Let’s commit these changes for an initial commit and our first git project is ready.

git commit –m “First commit”

Note: There would be cases where you would want some files to exist but wouldn’t want them to be checked in. The prime examples are the bin and obj folders. You can do so by mentioning their path in the .gitignore file which exists in the root folder of your repository.

• Now, let’s look into the second case, which would be the most used use case. If you have to get an existing Git repo, so that he can start contributing/deving, you can do that with a simple command –
git clone <VSO_URL> FolderName
The above command creates a directory FolderName, initializes .git directory and checks out a working copy of the latest version from the main branch with all its history. Cloning in Git can be equated with Creating a Workspace and do a Get latest in TFS.

Note: Checkout in TFS is not the same as checkout in Git. In TFS, when we checkout a file, we open it up for editing. While in Git, when we do a checkout, we switch branch to its last/latest commit. So, if we do a checkout on the current working branch, we lose all our changes in our working branch and our Git pointer points back to the last commit.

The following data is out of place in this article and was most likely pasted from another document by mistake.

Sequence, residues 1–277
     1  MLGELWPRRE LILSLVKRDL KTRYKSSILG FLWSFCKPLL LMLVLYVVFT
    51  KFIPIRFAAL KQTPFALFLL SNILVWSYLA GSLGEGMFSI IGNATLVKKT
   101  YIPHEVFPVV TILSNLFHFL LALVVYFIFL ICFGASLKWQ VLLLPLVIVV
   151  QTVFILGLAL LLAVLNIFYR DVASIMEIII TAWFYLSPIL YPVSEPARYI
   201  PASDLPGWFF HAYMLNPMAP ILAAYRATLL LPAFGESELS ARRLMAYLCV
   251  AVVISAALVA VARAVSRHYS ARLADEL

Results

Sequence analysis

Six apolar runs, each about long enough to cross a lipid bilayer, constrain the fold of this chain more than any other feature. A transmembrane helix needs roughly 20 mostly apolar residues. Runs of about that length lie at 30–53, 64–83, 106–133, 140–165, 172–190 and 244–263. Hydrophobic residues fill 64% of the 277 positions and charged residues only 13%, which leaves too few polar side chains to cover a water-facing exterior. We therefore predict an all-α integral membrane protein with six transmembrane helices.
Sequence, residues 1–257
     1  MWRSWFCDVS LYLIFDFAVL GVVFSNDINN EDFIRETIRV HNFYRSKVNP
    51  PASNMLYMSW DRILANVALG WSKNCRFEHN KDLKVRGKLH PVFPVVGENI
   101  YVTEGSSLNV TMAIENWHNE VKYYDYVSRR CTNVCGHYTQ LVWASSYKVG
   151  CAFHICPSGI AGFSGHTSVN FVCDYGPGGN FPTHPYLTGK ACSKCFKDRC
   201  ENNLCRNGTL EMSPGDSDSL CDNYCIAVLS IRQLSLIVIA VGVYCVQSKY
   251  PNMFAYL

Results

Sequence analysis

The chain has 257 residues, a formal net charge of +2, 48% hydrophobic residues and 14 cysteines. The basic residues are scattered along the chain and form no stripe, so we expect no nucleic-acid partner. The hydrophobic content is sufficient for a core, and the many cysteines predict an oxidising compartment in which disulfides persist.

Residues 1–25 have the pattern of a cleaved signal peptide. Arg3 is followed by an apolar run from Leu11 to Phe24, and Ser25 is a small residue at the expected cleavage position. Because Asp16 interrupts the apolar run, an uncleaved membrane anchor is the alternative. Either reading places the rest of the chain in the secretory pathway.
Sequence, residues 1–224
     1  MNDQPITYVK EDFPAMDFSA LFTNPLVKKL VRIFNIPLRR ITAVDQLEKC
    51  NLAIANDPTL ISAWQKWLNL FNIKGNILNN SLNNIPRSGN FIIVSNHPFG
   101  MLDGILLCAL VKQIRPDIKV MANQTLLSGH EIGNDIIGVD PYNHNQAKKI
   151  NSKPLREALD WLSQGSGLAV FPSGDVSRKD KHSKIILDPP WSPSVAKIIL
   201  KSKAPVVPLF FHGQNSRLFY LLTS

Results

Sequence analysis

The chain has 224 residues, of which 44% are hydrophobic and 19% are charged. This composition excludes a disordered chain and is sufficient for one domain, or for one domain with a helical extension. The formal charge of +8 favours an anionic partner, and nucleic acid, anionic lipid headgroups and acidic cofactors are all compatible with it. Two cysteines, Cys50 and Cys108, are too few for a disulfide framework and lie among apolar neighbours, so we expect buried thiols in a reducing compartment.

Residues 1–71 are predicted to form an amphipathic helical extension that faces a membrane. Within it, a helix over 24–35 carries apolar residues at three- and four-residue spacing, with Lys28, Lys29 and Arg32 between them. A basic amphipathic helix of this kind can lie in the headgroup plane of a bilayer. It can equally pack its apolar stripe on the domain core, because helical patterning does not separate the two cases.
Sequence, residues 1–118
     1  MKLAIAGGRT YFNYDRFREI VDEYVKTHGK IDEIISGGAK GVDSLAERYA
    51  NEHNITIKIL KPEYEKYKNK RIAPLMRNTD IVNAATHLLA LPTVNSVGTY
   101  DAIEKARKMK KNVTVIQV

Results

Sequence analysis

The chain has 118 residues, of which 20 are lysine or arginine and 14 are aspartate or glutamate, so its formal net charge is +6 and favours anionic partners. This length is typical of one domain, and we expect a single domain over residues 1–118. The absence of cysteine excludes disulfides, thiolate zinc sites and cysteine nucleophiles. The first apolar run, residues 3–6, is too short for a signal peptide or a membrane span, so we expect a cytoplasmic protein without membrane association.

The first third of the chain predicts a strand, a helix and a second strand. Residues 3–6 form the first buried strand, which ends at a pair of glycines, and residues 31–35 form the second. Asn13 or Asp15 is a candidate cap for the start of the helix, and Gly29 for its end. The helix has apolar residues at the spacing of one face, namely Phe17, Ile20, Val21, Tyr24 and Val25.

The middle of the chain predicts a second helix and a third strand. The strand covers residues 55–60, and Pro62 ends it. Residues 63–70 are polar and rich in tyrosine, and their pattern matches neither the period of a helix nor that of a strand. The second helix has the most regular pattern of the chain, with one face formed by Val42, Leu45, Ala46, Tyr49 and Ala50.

Migrating from TFS to Git in VSO

The simplest way to migrate from TFS with all the commit history is to use the Codeplex project git-tf which depends on JRE. You can migrate your commits to Git with git-tf installed with the following command –

git tf clone http://TFSPath:8080/tfs/CollectionName $/Project/Main FolderName --deep This will clone the TFS with its entire commit history in the folder – FolderName. A sample output is shown below. The problem that we would face right now is that the username against which all the check ins have been made have their aliases instead of their email names which Git uses to track users. If we do “git log” to check the commits made, we would see something like this – As is evident from the above image, we have the domain aliases instead of the emails. We need to re-write the history of these commits to reflect the emailNames. Git provides filter-branch command to overwrite history, which obviously makes it a very powerful tool. Using this command is considered a bad practice in an ongoing project. So one should use it with caution and only in cases of rarest of the emergencies. We are going to use filter-branch command in a git script to re-write git history to map the users with their commits. The following script replaces all the emails in the above git log with their email addresses – git filter-branch -f --env-filter ‘ // Mark that there are two hyphens before env-filter ALIAS=”FAREAST\\\alpha” // “alpha” is the assumed alias under the blurred line above CORRECT_EMAIL=”alpha@microbeta.com” if [ “$GIT_COMMITTER_EMAIL” = “$ALIAS” ]; then export GIT_COMMITTER_EMAIL=”$CORRECT_EMAIL”
fi
if [ “$GIT_AUTHOR_EMAIL” = “$ALIAS” ];
then